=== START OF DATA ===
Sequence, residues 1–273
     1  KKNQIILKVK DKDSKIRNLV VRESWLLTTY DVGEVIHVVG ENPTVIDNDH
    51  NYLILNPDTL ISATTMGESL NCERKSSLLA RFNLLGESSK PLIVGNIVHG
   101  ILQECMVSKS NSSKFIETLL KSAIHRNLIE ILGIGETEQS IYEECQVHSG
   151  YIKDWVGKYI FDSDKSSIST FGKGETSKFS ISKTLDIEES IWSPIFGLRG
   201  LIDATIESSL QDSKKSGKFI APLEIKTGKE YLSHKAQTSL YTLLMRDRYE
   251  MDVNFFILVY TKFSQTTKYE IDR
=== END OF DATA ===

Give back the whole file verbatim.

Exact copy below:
Sequence, residues 1–273
     1  KKNQIILKVK DKDSKIRNLV VRESWLLTTY DVGEVIHVVG ENPTVIDNDH
    51  NYLILNPDTL ISATTMGESL NCERKSSLLA RFNLLGESSK PLIVGNIVHG
   101  ILQECMVSKS NSSKFIETLL KSAIHRNLIE ILGIGETEQS IYEECQVHSG
   151  YIKDWVGKYI FDSDKSSIST FGKGETSKFS ISKTLDIEES IWSPIFGLRG
   201  LIDATIESSL QDSKKSGKFI APLEIKTGKE YLSHKAQTSL YTLLMRDRYE
   251  MDVNFFILVY TKFSQTTKYE IDR